3.7 Diversity of Defense
Just as you may get additional security from using a number of different systems to provide depth of defense, you may also get additional security from using a number of different types of systems. If all of your systems are the same, somebody who knows how to break into one of them probably knows how to break into all of them.
The idea behind diversity of defense is that using security systems from different vendors may reduce the chances of a common bug or configuration error that compromises them all. There is a tradeoff in terms of complexity and cost, however. Procuring and installing multiple different systems is going to be more difficult, take longer, and be more expensive than procuring and installing a single system (or even several identical systems). You're going to have to buy the multiple systems (at reduced discounts from each vendor, because you're buying less from them) and multiple support contracts to cover them. It's also going to take additional time and effort for your staff to learn how to deal with these different systems.
Beware of illusionary diversity. Simply using different vendors' UNIX systems probably won't buy you diversity, because most UNIX systems are derived from either the BSD or System V source code. Further, most common UNIX networking applications (such as Sendmail, telnet/telnetd , ftp/ftpd , and so on), are derived from the BSD sources, regardless of whether they're on a BSD - or System V-based platform. There were any number of bugs and security problems in the original releases that were propagated into most of the various vendor-specific versions of these operating systems; many vendor-specific versions of UNIX still have bugs and security problems that were first discovered years ago in other versions from other vendors, and have not yet been fixed.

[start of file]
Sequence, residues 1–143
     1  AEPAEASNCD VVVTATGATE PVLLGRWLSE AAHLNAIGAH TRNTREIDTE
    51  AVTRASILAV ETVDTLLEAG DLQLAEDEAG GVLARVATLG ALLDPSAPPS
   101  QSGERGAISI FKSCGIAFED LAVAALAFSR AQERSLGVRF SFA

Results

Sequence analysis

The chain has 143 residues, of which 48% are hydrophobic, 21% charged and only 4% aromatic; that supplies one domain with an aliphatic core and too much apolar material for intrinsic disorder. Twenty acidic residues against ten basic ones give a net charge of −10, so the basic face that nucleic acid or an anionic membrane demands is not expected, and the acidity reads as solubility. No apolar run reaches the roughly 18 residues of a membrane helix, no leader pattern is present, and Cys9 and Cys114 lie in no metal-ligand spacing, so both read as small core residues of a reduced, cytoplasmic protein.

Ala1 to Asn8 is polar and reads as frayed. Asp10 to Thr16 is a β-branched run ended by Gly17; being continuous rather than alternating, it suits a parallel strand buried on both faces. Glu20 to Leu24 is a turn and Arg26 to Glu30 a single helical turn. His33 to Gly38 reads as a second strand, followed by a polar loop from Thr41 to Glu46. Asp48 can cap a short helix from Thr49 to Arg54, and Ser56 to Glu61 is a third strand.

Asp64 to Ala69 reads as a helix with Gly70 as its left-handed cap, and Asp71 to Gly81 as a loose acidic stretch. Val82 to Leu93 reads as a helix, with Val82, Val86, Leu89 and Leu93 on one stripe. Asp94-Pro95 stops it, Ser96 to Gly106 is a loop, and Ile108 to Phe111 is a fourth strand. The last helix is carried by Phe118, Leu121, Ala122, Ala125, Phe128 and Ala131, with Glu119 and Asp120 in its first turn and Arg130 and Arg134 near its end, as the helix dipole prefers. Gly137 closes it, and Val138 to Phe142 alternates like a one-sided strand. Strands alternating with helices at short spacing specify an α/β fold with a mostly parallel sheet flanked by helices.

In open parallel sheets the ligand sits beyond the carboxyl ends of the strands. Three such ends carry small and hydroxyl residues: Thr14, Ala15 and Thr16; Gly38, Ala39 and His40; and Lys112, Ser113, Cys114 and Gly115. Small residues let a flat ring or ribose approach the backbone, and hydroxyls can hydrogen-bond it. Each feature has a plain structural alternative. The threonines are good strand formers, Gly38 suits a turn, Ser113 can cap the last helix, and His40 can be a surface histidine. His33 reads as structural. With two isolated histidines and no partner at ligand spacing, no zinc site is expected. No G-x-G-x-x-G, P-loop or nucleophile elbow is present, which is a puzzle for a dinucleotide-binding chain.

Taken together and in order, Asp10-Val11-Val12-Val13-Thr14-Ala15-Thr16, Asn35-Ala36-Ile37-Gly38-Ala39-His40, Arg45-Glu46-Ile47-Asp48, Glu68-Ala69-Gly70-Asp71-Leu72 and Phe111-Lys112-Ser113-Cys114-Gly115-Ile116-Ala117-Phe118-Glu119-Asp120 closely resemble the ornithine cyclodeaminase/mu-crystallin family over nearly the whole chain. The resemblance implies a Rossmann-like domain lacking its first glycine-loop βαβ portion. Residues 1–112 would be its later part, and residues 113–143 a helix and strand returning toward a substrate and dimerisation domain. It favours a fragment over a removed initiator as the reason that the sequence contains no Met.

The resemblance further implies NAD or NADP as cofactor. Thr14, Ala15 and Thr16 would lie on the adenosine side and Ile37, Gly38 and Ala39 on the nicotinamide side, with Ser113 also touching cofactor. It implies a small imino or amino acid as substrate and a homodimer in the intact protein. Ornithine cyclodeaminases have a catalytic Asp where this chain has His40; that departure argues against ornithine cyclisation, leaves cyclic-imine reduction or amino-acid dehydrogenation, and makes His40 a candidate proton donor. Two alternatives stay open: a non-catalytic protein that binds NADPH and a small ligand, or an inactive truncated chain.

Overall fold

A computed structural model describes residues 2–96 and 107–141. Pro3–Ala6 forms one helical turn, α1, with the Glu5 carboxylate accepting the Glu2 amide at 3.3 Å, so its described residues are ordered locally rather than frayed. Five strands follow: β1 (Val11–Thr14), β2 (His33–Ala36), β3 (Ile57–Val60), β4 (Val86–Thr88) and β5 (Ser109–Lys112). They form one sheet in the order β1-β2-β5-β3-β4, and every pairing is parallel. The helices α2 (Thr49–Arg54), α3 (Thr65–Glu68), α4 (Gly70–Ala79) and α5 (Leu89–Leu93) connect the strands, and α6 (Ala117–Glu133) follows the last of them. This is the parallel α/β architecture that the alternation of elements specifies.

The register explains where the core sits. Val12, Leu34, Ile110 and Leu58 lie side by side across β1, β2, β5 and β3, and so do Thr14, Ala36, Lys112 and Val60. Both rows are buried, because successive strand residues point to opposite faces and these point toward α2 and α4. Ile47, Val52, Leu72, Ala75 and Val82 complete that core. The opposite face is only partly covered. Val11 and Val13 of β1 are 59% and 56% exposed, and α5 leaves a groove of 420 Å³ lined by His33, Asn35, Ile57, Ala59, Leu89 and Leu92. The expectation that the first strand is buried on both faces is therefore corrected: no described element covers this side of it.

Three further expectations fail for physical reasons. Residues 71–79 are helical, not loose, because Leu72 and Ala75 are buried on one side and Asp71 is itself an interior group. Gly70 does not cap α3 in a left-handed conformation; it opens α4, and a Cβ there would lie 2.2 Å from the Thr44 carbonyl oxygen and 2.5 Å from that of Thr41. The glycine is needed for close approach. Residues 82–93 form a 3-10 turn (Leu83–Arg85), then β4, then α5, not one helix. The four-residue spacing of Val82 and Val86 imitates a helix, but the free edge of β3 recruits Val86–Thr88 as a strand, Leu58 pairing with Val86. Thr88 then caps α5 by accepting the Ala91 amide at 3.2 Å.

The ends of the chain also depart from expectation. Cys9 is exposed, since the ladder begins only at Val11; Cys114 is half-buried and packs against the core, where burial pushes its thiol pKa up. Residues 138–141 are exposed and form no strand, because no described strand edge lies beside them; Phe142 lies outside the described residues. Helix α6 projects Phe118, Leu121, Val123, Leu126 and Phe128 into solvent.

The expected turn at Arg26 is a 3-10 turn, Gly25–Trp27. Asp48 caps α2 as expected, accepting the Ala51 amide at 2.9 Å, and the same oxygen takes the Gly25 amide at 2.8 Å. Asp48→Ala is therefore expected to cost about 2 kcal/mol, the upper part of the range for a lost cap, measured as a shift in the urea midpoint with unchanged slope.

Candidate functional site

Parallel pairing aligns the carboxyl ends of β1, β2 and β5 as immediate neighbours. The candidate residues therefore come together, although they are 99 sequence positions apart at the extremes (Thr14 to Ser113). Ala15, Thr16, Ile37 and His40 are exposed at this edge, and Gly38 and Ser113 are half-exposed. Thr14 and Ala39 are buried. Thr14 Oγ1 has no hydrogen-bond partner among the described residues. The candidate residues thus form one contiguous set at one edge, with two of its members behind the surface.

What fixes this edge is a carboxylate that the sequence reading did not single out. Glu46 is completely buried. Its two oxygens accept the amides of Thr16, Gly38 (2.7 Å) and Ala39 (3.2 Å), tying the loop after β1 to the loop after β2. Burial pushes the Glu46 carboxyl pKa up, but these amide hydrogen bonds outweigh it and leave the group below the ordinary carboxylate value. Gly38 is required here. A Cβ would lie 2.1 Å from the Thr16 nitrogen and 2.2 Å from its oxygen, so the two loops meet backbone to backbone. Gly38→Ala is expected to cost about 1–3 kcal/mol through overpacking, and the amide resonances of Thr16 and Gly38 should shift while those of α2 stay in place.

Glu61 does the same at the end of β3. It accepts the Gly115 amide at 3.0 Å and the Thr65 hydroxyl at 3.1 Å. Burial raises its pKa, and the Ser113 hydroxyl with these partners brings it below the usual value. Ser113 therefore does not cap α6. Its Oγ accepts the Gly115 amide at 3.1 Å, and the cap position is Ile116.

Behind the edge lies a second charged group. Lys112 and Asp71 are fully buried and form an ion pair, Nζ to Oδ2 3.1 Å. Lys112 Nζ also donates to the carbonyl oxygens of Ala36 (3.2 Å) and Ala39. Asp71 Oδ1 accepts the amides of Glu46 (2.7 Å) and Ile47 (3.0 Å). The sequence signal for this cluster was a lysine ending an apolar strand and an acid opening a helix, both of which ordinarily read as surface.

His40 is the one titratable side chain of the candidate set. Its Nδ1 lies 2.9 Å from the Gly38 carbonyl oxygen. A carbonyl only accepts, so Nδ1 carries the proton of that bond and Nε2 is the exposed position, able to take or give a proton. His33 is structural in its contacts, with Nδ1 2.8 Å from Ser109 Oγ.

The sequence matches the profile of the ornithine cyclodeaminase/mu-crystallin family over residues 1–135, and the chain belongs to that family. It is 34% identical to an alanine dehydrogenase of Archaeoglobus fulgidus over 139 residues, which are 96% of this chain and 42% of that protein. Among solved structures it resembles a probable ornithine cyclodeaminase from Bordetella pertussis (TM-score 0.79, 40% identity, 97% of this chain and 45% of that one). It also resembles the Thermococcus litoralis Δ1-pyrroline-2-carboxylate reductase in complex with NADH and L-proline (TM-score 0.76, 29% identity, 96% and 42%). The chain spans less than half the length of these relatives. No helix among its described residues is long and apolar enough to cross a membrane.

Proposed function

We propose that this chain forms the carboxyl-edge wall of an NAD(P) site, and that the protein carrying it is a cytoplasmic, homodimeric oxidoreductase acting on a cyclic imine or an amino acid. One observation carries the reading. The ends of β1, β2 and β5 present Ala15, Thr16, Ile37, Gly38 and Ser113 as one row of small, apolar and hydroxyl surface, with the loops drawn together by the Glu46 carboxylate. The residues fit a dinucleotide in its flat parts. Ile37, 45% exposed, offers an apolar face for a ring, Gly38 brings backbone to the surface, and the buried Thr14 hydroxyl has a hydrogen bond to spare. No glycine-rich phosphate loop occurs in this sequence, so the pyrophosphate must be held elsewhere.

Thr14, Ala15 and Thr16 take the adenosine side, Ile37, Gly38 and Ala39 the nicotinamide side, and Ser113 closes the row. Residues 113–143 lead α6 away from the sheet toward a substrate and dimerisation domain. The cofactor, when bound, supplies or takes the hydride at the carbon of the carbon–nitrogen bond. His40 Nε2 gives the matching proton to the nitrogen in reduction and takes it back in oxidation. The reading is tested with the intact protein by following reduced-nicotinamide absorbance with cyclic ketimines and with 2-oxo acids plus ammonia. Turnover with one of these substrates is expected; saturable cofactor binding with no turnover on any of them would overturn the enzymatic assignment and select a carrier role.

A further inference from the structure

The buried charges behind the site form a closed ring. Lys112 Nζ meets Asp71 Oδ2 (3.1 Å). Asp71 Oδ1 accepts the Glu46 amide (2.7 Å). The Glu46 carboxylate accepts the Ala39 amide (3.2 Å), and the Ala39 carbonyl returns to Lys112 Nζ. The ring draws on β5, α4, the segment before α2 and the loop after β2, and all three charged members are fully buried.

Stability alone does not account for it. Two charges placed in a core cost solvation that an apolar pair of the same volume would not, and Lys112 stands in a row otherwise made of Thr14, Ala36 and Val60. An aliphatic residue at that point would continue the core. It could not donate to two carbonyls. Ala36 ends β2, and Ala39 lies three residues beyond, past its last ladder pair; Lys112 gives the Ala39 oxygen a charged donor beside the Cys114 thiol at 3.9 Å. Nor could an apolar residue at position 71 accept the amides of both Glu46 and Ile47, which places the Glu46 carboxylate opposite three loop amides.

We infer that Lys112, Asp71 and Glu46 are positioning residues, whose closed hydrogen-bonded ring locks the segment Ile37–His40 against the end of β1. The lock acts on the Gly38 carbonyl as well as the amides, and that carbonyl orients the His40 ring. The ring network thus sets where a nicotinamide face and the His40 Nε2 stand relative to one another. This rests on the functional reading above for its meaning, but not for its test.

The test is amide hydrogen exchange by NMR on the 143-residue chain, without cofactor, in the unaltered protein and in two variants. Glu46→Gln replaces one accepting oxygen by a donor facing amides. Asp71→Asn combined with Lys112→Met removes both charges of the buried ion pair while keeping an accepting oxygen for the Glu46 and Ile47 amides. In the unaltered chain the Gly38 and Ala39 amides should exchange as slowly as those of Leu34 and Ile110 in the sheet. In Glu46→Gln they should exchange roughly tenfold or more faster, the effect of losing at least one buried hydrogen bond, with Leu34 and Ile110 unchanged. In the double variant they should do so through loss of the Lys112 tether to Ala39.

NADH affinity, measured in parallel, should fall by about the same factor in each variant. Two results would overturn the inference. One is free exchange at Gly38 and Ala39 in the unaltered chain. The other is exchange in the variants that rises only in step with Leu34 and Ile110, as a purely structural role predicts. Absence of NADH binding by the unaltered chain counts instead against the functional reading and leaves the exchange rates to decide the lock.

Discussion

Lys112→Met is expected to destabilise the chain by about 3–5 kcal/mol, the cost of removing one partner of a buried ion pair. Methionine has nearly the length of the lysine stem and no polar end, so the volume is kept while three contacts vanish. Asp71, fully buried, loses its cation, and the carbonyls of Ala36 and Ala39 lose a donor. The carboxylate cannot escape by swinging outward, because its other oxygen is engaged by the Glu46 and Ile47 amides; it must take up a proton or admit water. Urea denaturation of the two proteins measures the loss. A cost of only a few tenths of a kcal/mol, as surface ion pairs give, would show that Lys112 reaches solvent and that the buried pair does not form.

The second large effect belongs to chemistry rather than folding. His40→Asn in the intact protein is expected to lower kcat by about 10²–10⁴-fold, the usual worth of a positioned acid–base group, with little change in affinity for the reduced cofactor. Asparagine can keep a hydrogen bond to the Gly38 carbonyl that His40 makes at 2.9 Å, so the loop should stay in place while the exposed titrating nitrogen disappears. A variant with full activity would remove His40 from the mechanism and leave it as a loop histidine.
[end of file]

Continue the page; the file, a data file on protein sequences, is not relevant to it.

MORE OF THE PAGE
Also beware that diverse systems configured by the same person (or group of people) may share common problems if the problems stem from conceptual rather than technological roots. If the problem is a misunderstanding about how a particular protocol works, for example, your diverse systems may all be configured incorrectly in the same way according to that misunderstanding.
Although many sites acknowledge that using multiple types of systems could potentially increase their security, they often conclude that diversity of defense is more trouble than it's worth, and that the potential gains and security improvements aren't worth the costs. We don't dispute this; each site needs to make its own evaluation and decision concerning this issue.